Monday, October 4, 2021

Portfolio podcast

I did a Rational Reminder podcast and video, focusing on portfolio theory, but also a tour through asset pricing. My hosts Benjamin Felix and Cameron Passmore were unusually well prepared and asked great questions! Video below, or go here for video, podcast, and transcript for people (like me) who read more than listen.


  1. John,

    Please explain inflation indexed coupon payment perpetuities during a deflation.

    From the example in your paper:

    "A much better explanation is, Honey, look, this investment pays a steady coupon forever that we can live on. That's the point. We're not going to buy or sell those bonds, we're going to live off the coupons. Just tear up the statements, and stop worrying about the
    portfolio's mark-to-market value. They're meaningless for us."

    Until the next month comes along and deflation has set in. Suddenly those coupon payments are negative. And so instead of receiving a coupon payment, you are remitting a payment back to the issuer. Oh but wait, you are living on those coupon payments with no other form of income. So now you have to either go back to work to earn a positive net income, or sell some other good into a market where prices are falling.

    "The 19th century U.K. funded an enormous government debt almost entirely with perpetuities, which under the gold standard were essentially indexed."

    Yes, but even during a deflation through that time period the UK never demanded remittances of gold (negative interest payments) in response to changes in the price level.

    1. No need for negative coupon payments. Payments are adjusted to the level of the CPI, not their growth rate. Say the CPI today is 250. The coupon today is then $2.50. If the CPI goes down to 200, big deflation, the coupon goes to $2.00.

    2. Doesn't your recommendation have a tendancy to exacerbate demand side deflation and inflation (positive feedback loop)?

      Prices fall, so people receive less income, so they spend less, so prices continue to fall? Prices rise, so people receive more income, so they spend more, so prices continue to rise?

      Is there such a thing as counter-cyclical fiscal policy in a world of perpetual CPI level indexed securities? Shouldn't the sign be reversed perpetual deflation protected securities?

    3. FRestly, why not hedge deflation by selling inflation swaps?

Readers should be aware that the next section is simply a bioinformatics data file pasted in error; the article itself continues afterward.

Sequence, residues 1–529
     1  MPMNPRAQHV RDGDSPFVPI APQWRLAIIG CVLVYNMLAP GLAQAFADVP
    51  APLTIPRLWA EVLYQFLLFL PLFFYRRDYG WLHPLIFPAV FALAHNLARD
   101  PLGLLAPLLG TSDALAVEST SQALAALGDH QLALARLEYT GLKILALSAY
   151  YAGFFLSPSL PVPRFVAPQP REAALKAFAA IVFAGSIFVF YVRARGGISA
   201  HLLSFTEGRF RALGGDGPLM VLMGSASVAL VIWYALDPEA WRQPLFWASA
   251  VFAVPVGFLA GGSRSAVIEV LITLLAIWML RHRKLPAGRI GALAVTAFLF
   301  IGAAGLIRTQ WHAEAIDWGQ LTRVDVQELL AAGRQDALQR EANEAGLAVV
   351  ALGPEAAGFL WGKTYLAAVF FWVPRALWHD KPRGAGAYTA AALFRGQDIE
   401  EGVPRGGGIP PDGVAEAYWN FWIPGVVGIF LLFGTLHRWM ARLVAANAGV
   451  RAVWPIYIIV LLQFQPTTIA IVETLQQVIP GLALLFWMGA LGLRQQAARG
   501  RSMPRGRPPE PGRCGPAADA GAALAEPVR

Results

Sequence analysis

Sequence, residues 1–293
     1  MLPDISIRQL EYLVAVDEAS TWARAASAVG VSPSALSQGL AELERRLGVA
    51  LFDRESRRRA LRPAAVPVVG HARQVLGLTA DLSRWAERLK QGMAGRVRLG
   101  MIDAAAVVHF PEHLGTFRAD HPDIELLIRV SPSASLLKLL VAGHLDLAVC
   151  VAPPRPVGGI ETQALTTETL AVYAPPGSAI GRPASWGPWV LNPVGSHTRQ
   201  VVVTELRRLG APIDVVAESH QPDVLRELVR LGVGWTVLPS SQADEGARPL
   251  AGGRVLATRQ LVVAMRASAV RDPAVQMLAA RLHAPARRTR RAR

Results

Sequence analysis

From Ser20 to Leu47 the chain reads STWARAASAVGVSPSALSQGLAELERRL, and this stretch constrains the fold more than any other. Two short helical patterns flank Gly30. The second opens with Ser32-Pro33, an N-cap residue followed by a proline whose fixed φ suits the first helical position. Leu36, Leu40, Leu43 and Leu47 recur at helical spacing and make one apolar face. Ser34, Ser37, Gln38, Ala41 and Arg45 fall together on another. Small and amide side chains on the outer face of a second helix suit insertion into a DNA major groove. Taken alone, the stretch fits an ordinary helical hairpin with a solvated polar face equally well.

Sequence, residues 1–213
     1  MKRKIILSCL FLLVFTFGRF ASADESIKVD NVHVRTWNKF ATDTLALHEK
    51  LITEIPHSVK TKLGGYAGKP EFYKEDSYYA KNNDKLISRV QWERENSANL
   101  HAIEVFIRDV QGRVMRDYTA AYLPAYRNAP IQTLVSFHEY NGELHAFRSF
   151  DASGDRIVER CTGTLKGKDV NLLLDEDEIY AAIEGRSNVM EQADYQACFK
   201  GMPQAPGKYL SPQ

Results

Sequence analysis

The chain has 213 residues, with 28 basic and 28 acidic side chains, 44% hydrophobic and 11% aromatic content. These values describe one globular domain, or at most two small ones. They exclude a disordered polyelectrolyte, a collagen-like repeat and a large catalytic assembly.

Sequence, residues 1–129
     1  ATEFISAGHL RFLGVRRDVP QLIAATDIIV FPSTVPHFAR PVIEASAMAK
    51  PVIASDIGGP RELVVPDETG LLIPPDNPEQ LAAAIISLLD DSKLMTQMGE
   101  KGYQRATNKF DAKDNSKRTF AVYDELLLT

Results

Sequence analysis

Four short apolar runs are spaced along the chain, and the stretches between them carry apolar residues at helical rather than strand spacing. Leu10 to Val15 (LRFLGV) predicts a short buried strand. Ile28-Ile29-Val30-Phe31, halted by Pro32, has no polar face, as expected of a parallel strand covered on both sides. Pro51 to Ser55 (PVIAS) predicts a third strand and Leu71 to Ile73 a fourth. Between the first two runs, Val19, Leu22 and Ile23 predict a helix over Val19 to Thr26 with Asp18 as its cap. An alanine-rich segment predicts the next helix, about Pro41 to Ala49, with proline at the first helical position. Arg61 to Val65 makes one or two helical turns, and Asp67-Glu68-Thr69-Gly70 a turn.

2. curiosity on predictabilityOctober 6, 2021 at 1:18 PM


    I have always been curious about predictability. For example, suppose dividend growth is random while an increase in the P/D ratio will eventually decrease return. In that case, it means that an increase in (relative) price has not been achieved by the increase in expected dividend - is it correct?

    In other words, can the statement that "the price rose since we expect an increase in cash flow" be considered a false statement? (this statement is what analysts often make). Because if it weren't, the price would rise, and so would the return. This part is still a bit unclear to me.

    But, at least for individual stocks (and for the economy), aren't we also seeing a history of rising prices in the 'long-term'? With an expectation that the cash flow from those assets will increase?

    Thank you always for your insight.

  3. Hello John, sorry for the late comment. The whole bit about how returns being predictable makes future dividends unpredictable, holding the current price level constant, seems a bit unclear to me... Doesn't the fact that, again for a given price level, returns are predictable imply that future cash flows/dividends are (at least long-term average returns.
    Many thanks.


Comments are welcome. Keep it short, polite, and on topic.

Thanks to a few abusers I am now moderating comments. I welcome thoughtful disagreement. I will block comments with insulting or abusive language. I'm also blocking totally inane comments. Try to make some sense. I am much more likely to allow critical comments if you have the honesty and courage to use your real name.